Clean India Campaign

Down the drain

Print edition : December 11, 2015

Contract labourers cleaning a drain at Minto Bridge near Connaught Place in New Delhi on May 16. Photo: Shiv Kumar Pushpakar

Cleaning the drain on Ring Road-Millennium Park, in New Delhi. A 2011 picture. Photo: Shanker Chakravarty

MCD safai karamcharis during a protest rally at Jantar Mantar in New Delhi on June 17. Photo: Sushil Kumar Verma

Safai karamcharis in Delhi work without proper compensation, medical allowances, risk allowances or timely salaries. The government’s bid to privatise sanitation work further jeopardises their future.

AFTER a long, tiring day at work, Ved Prakash Bidla limps back home every day. Years of working inside the sewer lines of the Delhi Jal Board (DJB), the agency responsible for water supply and liquid waste management in the capital, has deformed his spine. “If you lift a 100-kg lid of the sewer without any mechanical equipment for years, it will take its toll on your body,” Bidla says matter-of-factly while narrating the woes of safai karamcharis (sanitation workers) of Delhi. “I am not the only one. Every safai karamchari has the same problem. Like me, most are also hard of hearing, many are partially blind, and almost everyone has a skin disease because of continual exposure to toxic gases inside the sewers,” he says.

Safai karamcharis, who form the backbone of the sanitation system in the city, work in abysmal conditions. According to some estimates by non-governmental organisations, there are over 1,000 deaths of manhole workers a year in India. More than 3,500 sewerage workers have died between 1996 and 2015 in Delhi alone. Given the hazardous work, minor and major injuries among safai karamcharis are aplenty. Expected to clean the 9,000 tonnes of waste that 1.68 crore people of Delhi generate every day, the safai karamcharis in the city work without adequate compensation, medical allowances, risk allowances or even timely salaries. Compounding their problems is the growing fear among them about the government’s policy to gradually privatise sewer cleaning processes across the country. There has been no hiring of sanitation workers since 1999 in Delhi, and the fear of retrenchment looms large. Yet, they continue to toil under conditions no human should ever work in.

Like Bidla, most safai karamcharis in Delhi enter the deep sewers without a safety suit, gloves, helmets, oxygen pipes or essential suction equipment. Protective gear, which they are legally entitled to, has not reached the safai karamcharis despite several court orders. Agencies such as the DJB and the three Municipal Corporations of Delhi (MCDs) often cite lack of funds for the unavailability of safety gear for safai karamcharis.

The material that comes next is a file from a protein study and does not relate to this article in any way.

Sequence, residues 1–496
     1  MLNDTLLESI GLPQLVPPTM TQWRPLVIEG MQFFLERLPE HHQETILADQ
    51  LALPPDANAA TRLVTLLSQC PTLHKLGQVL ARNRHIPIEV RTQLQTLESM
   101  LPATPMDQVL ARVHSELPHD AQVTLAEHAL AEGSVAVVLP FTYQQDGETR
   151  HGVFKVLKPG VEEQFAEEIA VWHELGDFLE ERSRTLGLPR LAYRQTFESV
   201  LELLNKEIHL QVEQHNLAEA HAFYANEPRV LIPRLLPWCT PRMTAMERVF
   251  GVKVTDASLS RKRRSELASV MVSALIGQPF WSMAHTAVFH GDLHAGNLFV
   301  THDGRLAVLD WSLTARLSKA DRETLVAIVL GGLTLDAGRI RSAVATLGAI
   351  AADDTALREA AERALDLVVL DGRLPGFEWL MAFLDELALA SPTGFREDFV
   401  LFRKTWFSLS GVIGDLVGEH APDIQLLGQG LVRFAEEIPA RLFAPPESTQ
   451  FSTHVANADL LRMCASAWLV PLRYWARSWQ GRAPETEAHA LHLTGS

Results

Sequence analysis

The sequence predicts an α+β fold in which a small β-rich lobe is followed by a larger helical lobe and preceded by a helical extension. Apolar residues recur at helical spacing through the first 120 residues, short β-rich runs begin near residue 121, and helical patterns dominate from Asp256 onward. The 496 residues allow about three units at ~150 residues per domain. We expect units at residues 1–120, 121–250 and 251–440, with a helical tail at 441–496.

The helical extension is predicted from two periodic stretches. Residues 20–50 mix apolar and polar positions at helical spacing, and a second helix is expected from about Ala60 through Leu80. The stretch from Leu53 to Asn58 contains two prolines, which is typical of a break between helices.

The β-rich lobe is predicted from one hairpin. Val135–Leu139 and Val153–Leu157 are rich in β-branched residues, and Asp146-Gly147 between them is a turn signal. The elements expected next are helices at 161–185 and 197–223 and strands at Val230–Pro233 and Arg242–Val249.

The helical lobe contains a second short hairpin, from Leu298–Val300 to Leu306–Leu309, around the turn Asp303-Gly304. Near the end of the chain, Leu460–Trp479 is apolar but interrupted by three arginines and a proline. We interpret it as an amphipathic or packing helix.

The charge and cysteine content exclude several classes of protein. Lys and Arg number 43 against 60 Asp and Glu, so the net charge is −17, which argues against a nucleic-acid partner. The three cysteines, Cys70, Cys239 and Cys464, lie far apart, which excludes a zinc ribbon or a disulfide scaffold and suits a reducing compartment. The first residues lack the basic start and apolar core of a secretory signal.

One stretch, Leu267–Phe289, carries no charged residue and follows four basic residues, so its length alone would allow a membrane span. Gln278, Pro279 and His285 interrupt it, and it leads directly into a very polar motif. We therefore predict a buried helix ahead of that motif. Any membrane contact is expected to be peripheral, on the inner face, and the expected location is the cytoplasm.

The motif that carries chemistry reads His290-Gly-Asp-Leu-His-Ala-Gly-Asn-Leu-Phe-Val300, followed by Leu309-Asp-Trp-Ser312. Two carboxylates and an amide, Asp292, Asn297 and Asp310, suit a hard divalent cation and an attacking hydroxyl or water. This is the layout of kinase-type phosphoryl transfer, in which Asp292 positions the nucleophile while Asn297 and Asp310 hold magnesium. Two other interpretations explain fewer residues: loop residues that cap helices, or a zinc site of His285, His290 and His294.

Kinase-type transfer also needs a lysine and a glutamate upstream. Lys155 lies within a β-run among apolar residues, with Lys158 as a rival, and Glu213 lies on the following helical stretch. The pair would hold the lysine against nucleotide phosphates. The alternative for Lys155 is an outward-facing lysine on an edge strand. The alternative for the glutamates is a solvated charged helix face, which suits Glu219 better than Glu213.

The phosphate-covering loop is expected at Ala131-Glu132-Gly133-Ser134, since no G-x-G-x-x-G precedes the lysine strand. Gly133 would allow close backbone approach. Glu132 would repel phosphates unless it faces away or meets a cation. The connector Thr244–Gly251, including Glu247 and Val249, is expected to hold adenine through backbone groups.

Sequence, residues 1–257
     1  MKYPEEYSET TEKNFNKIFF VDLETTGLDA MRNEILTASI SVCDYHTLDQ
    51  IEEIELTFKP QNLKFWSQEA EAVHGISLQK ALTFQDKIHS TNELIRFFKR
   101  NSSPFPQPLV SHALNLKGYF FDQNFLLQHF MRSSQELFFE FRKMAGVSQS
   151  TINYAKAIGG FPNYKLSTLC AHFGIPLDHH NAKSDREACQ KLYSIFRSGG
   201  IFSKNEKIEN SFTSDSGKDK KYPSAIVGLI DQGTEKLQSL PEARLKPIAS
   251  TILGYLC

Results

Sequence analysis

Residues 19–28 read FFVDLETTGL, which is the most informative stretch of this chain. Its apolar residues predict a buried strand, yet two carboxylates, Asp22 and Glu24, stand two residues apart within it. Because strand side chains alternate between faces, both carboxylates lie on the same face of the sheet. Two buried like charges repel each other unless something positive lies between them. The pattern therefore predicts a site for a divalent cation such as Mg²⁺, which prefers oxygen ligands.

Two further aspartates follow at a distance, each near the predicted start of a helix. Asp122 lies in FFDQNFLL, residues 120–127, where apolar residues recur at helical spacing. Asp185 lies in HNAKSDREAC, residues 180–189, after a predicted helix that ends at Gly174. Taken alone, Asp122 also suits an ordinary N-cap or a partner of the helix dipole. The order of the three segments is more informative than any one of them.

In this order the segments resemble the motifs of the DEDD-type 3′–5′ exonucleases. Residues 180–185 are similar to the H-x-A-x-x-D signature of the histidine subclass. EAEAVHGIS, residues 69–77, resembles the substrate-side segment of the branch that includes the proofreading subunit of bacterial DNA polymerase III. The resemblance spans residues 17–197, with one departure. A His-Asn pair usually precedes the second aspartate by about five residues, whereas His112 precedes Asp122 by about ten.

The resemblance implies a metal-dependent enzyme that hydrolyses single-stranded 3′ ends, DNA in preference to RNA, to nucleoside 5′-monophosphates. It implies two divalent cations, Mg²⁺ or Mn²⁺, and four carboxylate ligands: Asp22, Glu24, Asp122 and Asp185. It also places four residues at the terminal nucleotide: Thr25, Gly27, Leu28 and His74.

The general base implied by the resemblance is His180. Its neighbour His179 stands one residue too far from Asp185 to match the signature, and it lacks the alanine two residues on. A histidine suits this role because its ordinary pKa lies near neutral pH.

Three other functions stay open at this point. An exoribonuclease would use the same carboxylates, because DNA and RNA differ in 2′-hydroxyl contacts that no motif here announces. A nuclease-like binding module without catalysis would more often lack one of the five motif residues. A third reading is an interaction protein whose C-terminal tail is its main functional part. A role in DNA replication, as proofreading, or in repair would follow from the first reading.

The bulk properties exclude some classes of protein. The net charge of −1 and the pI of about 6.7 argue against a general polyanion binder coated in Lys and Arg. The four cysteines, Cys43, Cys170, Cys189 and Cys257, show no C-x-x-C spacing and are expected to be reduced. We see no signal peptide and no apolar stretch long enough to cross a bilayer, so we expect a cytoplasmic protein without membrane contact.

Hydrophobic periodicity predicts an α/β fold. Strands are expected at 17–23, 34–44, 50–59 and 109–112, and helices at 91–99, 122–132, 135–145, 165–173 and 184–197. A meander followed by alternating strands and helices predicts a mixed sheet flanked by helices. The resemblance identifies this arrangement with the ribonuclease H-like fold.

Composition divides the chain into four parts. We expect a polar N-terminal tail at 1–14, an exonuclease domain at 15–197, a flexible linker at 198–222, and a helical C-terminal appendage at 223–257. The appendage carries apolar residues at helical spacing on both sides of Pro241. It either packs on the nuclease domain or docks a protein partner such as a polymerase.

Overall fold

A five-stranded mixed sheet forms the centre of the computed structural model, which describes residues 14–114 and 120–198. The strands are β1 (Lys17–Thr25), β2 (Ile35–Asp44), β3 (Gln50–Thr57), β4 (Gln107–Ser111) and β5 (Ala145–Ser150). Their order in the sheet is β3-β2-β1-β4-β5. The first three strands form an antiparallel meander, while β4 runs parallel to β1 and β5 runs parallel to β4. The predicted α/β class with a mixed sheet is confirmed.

However, Bidla says that they cite this reason to outsource sewage cleaning to private contractors. “Both the DJB and the Municipal Corporations of Delhi have not hired a single permanent worker since 1999. All the contractors get timely payments, but the DJB and the three MCDs never have money for the most essential safety equipment,” says Bidla, who is also the president of the DJB Sewer Department Mazdoor Sangathan, the workers’ union.

Cockroaches as pointers

“If not for cockroaches, we would have all died,” says Kaushal, a safai karamchari at the DJB. “Before getting into the clogged drain, we check whether the cockroaches inside it are alive or not. If they are alive, we assume that the level of toxic gases is tolerable. A dead cockroach means risk. We leave the drain open for an hour or so to let the poisonous gases out while trying to remove the silt inside the drain with a khapchi [a long bamboo stick], often the only tool the agencies give the safai karamcharis,” Kaushal adds.

Notwithstanding the lack of protective gear, safai karamcharis have evolved their own ways to ensure their safety. The commonsensical methods evolved by them over the years speak of their vast experience in sewer cleaning, but these practices are a stark reminder of the bureaucratic and political insensitivity they have to face every day. And with the government looking out for private contractors to replace permanent workers in the years to come, the occupational hazards of safai karamcharis have only increased.

“Private contractors are bloodsuckers. Neither do they hire enough people nor do they give timely payments to safai karamcharis. Workers under a private contractor do not get more than Rs.5,000 a month. Other allowances or compensation are a distant dream. Usually, unclogging a sewer pipe is teamwork in which at least seven people help each other in different processes. When a new worker is hired by the government, the seniors train and guide him. But a private worker is forced into the drain without proper training. Most of the accidents and deaths that have happened in the past few years were all under private contractors,” says Bidla. In the second week of November, Vinay Sirohi, a 22-year-old contractual worker, died inside a DJB sewer pipe at the Keshopur Sewage Treatment Plant in west Delhi. Let alone a helmet or a face mask, he was not even wearing a shirt when his body was recovered. Sirohi suffocated to death, leaving behind his mother and his wife whom he had married just seven months ago. Tragedy had struck Sirohi’s family earlier: his father, too, died in an accident in the drain.